Here are my top 5 reasons why:

1) Its considerably better than iTunes (no surprise there).

2) I don't have a huge local library, so most of my music consumption comes from Tidal and I really like the Tidal integration that Roon has.

3) It sounds considerably better than the Tidal app (at least to my ears), and its nice to have access to my higher res files.

4) In comparison to the others (I've tried Audirvana and JRiver briefly) it does look considerably more beautiful (that kind of thing matters to me).

5) Its much simpler to use overall (I find). And I really like the Roon remote app for iOS.


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PostPosted: Sun May 07, 2017 6:50 am 
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Lethargy wrote:
David P wrote:
I didn't mean to chase anyone out the door. I was having fun pointing out the other side of the argument. I understand not wanting to pay for a music management program when you can find free programs on the net. However, there are a lot of guys like me who want to try integrating computer based audio into their systems and lives but are not particularly computer savvy. For guys like me, who looked into Foobar and Media Monkey and found it non intuitive and confusing, JRiver seems like a reasonable way to spend $50. I wasn't interested in frigging around with a computer program- I just wanted it to work and $50 is the price of a LP or, apparently, a fancy fuse. It seemed a good value to me.


I don't think anyone had that impression. I think your post was a perfectly calm and reasonable response to the poster who not so subtly implied that anyone who doesn't use Foobar must be stupid, lazy or lacking in technical ability. The reality is that, like so many open source projects, Foobar's interface leaves a lot to be desired. To me, if you have to be "tech savvy" to use a music player, the people who made the music player screwed up royally.

Having said that, Audirvana's interface could use some serious work, but that doesn't seem to be a priority for the developer. Not surprisingly, Audirvana started as an open source project, and its roots are still showing.


There is lots of room for everyone in this hobby. Technical skill sets may come in all shapes and sizes, but all of us benefit from music in our lives.


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PostPosted: Mon May 08, 2017 8:55 am 
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Location: Edmonton, AB, CA
I used to use Foobar2000 for a long time, a really long time. Then a year or so ago I decided to try JRiver and see what the fuss was about. At first, I didn't like it. It wasn't familiar and overall it just didn't seem like it was that great. The thing I did like about it was obtaining metadata and also using JRemote on my iPad, along with ease of plugins and such. One thing I didn't like, is that it remotely controlled the volume on my amp and blew my speakers by accident! Eventually I liked the prettier interface and network integration so I caved.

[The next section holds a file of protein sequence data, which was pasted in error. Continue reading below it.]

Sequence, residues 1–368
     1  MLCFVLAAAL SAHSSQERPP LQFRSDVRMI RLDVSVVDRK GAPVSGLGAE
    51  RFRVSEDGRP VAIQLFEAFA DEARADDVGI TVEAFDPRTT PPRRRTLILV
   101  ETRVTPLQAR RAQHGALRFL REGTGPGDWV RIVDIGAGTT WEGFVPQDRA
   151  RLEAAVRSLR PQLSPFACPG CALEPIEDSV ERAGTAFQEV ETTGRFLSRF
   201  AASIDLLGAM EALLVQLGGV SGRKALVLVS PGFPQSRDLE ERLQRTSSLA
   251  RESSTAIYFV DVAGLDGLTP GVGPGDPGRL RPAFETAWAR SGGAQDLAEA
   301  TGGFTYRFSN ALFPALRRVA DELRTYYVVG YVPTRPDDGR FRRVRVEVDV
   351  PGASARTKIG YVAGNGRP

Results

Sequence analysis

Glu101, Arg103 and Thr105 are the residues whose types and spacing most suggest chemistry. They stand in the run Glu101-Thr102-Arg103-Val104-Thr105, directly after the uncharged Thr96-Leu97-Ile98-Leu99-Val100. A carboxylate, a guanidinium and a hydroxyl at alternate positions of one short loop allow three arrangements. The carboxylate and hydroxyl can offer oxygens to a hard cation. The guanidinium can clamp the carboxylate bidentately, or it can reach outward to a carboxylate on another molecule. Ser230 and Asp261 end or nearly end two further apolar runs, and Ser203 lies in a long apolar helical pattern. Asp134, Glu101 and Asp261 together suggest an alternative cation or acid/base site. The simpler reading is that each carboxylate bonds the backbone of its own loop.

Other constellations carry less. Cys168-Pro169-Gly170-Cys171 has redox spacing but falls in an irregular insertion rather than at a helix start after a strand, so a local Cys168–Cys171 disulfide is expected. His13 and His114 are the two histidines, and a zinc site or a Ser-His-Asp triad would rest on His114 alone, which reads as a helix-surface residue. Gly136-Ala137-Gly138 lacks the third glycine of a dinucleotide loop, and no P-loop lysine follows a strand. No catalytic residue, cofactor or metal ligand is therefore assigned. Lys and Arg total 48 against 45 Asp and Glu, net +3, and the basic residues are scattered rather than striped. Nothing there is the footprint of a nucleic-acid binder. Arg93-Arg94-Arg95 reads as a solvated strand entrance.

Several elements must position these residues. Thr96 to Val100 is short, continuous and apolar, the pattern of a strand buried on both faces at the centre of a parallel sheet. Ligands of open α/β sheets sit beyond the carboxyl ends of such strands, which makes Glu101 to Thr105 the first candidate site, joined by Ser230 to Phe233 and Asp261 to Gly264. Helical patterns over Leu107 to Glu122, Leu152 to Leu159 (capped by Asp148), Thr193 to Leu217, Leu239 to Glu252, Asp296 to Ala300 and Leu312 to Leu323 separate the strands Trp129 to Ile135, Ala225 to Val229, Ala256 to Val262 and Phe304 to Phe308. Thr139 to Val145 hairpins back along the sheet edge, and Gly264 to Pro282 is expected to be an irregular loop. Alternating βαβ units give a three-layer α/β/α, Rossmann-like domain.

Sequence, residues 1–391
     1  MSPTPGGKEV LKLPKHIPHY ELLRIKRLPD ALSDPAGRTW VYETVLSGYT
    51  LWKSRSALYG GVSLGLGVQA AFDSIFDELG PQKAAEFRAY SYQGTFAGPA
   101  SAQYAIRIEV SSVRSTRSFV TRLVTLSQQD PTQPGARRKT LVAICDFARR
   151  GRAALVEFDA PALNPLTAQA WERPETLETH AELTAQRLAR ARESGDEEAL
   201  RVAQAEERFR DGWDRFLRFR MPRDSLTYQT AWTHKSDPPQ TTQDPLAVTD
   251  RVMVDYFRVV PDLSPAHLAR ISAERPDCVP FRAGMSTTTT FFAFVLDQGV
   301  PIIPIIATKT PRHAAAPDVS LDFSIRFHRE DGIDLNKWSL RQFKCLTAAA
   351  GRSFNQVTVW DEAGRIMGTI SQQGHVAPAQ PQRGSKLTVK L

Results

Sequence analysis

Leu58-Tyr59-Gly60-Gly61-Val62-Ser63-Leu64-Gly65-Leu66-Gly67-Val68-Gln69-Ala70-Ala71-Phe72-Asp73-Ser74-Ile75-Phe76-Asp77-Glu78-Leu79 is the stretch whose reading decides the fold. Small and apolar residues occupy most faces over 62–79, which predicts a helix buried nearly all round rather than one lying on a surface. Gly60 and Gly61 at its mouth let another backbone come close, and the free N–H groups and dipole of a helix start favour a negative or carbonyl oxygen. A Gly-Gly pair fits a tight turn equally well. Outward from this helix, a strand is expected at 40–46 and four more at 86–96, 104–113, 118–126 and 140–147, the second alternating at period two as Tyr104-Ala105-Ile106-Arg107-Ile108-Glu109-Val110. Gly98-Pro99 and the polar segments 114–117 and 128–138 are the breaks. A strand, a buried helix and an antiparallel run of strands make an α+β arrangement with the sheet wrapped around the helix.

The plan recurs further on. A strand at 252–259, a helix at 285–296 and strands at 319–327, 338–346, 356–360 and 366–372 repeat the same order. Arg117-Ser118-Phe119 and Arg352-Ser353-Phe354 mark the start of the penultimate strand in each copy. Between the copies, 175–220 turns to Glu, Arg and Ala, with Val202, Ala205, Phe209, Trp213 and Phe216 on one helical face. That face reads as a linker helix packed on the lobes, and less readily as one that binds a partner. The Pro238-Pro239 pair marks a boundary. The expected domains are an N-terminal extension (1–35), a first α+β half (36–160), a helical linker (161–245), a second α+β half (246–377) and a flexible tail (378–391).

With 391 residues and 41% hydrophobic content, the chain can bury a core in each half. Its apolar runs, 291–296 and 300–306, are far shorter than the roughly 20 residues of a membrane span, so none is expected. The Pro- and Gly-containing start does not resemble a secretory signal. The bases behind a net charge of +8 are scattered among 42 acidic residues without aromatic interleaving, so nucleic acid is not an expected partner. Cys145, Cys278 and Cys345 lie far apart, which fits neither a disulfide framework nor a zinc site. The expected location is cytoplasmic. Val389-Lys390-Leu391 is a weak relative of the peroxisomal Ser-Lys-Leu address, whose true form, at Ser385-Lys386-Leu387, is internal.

As of recently, my PS Audio DAC/Streamer hates JRiver, just doesn't want to make a solid connection with it and it was 90% solid with the Auralic Aries but that 10% was enough to bug me. It's really unfortunate since I've paid for a bunch of stuff and was finally familiar!

So I decided to try Roon. This was another paid program that I was REALLY put off by because of the cost, and really didn't understand what the heck it actually did. As with everything, that changed with experience. It's rock solid, integrates perfectly, has great descriptions of what's happening with the sound along the way, how it catalogs and ALSO, finding new music with Tidal. Overall I find the features, support and SQ fantastic, and decided to get a yearly membership. I was hoping more CAMers would be onboard to get a Lifetime membership with a 10% discount but sadly that didn't pan out.


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PostPosted: Sun May 14, 2017 5:56 pm 
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Location: Saskatoon, SK, CA
Some great discussion in here guys, thanks for sharing your thoughts.

JRiver sounds like it's a pretty popular player setup. I plan on demoing a few to get a sense of the UXs before settling in. A couple have been mentioned inthread (Roon, Audirvana, Foobar).

Any others that are missing? The use case I'm looking at is parking a server on a NAS (QNAP) and having several remote apps on iOS, Android, and Window, both on home LAN and external via internet.

Edit: my tags and metadata are not consistent after years of sporadic ripping bees, and I haven't done a mass re-tag. Someone mentioned an app called something puddle that I'll maybe check out as a way to take a pass through my inconsistent tag architecture.


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PostPosted: Sun May 14, 2017 7:04 pm 
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If on Windows ... take a look at MusicBee - very flexible, free and has its own wiki for setup . Great skins, tagging tools and ripper built i n
https://getmusicbee.com oh also free